susan coryell - October 21, 2014 - 1:00 pm

Marilyn: I loved STONES and I have 3 married kids – 2 sons and a daughter. Shopping for Mother of-Bride/Groom was hard for me for all the same reasons you pointed out. I ended up getting two of the three from catalogs and for the THIRD wedding I actually borrowed a lovely long linen yellow dress from a neighbor. Don’t forget the accessories! Loved your post and good luck with STONES.

Marilyn Baron - October 21, 2014 - 1:20 pm


I’m so glad you enjoyed reading Stones. The yellow linen dress sounds beautiful. I love yellow but don’t see many dresses in that color in the stores. I think my daughter is going to use a lot of yellow roses in the wedding. Catalogs would be hard for me because how can you tell your size and then when the dress comes in it would have to be altered. I’m all about the accessories. I’d love to borrow some of the jewelry mentioned in the book, especially the emerald necklace. Thanks for your comments.

Connie Gillam - October 21, 2014 - 4:00 pm

Congratulations to your daughter, Marilyn.

Only two of my three children are married. One eloped and the other had a small (read inexpensive)wedding. This daughter was playing to go to the Justice of the Peace. I said I’d plan a quick small wedding for her. (My SIL was shipping out to Afghanistan.) I was so busy shopping for food and getting the house ready, I didn’t have time to shop for me. I had a lovely red dress that served the purpose.

M.J. Schiller, Romance Author - October 21, 2014 - 4:20 pm

I have a friend planning a wedding for her daughter and it’s such a production these days. We’ve been out of the wedding scene for a while so I hadn’t even heard of candy bars (other than the Snickers and Milky Way variety) and there seems to be a lot more thought going into favors, and decorations, etc. I don’t know if I’m up for that yet! Your book sounds great. I love a little wit thrown in! Best wishes for the bride and groom and Stones!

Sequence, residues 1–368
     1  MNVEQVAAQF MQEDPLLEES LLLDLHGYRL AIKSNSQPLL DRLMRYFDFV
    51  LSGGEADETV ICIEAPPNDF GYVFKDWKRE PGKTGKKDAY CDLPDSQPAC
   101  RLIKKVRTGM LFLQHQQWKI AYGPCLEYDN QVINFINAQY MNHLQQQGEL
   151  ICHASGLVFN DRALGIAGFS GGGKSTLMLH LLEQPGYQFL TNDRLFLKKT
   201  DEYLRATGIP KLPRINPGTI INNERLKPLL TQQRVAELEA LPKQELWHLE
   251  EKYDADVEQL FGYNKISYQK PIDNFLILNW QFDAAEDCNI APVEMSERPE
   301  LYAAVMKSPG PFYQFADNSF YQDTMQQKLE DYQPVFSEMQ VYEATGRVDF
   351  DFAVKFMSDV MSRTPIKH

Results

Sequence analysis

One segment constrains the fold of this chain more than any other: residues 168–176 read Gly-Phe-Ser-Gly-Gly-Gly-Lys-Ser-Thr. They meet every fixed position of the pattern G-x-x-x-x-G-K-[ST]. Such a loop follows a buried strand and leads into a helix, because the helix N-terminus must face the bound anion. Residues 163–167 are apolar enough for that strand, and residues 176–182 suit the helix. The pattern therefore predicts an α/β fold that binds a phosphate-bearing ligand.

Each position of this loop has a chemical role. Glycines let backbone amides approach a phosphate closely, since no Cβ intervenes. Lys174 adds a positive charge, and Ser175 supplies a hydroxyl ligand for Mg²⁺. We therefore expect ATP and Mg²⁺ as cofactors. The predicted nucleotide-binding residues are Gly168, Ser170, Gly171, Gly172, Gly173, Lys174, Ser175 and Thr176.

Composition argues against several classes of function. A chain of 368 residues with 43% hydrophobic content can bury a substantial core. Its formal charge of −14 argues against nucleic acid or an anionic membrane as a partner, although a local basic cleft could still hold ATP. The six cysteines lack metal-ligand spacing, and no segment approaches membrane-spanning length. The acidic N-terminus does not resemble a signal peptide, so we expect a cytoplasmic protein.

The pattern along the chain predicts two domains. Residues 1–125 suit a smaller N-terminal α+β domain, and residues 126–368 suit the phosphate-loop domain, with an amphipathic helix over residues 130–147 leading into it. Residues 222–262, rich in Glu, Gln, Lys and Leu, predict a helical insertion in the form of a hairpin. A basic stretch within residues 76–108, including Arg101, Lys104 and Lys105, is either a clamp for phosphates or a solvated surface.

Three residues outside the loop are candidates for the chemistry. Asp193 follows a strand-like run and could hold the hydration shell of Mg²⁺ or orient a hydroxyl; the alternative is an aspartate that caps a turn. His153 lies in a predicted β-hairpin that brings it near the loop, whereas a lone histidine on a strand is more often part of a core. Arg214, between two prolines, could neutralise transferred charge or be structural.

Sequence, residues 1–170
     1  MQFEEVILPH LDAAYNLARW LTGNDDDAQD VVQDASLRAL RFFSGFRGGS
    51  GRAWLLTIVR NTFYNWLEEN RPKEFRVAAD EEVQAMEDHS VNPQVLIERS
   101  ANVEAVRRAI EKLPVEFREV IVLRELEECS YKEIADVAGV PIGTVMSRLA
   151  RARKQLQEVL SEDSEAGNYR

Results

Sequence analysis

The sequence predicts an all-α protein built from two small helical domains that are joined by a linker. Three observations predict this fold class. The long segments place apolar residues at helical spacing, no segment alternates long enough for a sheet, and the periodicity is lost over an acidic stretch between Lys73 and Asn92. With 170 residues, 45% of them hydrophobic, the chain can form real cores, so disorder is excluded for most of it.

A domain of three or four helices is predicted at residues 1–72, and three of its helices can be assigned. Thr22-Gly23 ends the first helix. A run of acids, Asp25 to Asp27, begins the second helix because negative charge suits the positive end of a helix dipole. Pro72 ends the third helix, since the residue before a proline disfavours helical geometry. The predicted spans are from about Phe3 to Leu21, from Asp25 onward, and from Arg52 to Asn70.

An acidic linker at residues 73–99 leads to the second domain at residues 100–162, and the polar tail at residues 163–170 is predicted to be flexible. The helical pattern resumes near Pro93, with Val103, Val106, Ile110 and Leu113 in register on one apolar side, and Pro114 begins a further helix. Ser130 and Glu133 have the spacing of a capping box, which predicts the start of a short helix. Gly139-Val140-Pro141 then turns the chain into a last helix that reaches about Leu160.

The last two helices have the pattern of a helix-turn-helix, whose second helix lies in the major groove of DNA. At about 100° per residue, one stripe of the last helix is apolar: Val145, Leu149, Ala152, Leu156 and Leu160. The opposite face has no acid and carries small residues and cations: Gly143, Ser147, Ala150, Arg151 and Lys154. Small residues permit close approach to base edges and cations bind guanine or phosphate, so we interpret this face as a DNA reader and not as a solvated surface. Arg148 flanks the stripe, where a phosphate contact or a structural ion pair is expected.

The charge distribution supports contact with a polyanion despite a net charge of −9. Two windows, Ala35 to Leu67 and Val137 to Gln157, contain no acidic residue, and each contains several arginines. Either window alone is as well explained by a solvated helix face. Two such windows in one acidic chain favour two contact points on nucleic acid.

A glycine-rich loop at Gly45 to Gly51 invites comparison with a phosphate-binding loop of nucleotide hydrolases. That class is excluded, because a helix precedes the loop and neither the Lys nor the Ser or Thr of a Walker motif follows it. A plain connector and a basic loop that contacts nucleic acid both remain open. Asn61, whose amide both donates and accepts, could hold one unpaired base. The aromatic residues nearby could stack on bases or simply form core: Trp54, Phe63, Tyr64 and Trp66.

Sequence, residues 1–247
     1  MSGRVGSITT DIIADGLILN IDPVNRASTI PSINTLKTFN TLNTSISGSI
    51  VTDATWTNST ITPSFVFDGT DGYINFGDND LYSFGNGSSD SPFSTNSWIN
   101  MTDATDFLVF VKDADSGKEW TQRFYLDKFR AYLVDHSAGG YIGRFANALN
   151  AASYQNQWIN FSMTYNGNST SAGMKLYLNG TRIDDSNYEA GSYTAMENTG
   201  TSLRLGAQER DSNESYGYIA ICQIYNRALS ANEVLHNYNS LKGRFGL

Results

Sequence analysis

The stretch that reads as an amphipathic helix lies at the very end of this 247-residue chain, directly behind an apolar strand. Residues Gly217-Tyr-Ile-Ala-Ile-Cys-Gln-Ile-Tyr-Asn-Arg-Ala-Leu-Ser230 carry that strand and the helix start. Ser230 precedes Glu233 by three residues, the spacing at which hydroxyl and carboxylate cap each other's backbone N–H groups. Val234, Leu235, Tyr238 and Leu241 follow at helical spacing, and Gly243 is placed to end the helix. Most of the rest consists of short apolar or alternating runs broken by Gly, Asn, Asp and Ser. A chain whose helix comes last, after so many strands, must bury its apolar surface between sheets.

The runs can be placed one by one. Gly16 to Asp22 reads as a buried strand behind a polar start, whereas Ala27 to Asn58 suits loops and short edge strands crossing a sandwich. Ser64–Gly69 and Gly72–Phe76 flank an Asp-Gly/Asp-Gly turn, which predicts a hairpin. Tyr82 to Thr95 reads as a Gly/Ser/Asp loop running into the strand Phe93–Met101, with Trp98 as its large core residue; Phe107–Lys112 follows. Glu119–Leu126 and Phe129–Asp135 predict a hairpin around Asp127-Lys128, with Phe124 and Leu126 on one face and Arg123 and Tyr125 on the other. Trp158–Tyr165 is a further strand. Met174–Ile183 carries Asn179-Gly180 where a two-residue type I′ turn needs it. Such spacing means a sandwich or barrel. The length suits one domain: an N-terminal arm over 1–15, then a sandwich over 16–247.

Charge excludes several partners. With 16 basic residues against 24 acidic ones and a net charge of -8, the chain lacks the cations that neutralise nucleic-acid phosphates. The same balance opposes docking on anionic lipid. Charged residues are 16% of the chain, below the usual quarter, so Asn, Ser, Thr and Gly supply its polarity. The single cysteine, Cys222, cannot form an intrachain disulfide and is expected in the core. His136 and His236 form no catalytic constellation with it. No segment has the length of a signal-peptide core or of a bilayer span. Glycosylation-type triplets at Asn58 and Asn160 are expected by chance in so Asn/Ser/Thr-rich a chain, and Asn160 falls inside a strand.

Marilyn baron - October 21, 2014 - 4:24 pm

I’m sure it was a wonderful wedding and the marriage is the important thing. And you always look good. Thanks for commenting.

Marilyn Baron - October 21, 2014 - 5:12 pm

Thanks for commenting. Production is exactly the right word for what this wedding is. I’m sure I don’t even know half of what is involved. We’ve made the major decisions, but there are so many details to think about. Thanks for your good wishes about the bride and groom and Stones.

R.T. Wolfe - October 22, 2014 - 7:58 am

Ha! Love it!
-R.T .Wolfe

Marilyn Baron - October 22, 2014 - 11:28 am

Thanks for commenting.

What I Learned at the 2014 Moonlight & Magnolias Conference

By Pam Asberry I got step-by-step directions on how to create an author website on WordPress. I heard some great tips on how to write for the young adult market. I learned how to create great characters and how to add more conflict to my stories and how to revise them once they are finished. […]

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Marilyn Baron - October 20, 2014 - 5:23 am

Don’t give up on your dream. Your post proves you are a great writer. It was so well written. And you finaled in the Maggie’s! You could start by finishing the book you finaled with. New Adult is popular and you can mention the Maggie final in your query letter. Or start something new that will hold your interest and help you find your voice. Im glad you’re feeling better.

Pam - October 20, 2014 - 9:04 am

Go Pam go! This is more than a post, it’s a manifesto! You can do this! And as a panster myself, if you ever want to share how you got over it, I will be here for you. :)

sandra Elzie - October 20, 2014 - 9:28 am

Now that’s the attitude it takes to reach your goal. Atta Girl!!
BTW, I was so sorry you were sick and MIA for most of Saturday’s events. I wish you the best in the health arena…and in your dream/goal of writing for the “tradionally published” market.

Susan Carlisle - October 20, 2014 - 11:35 am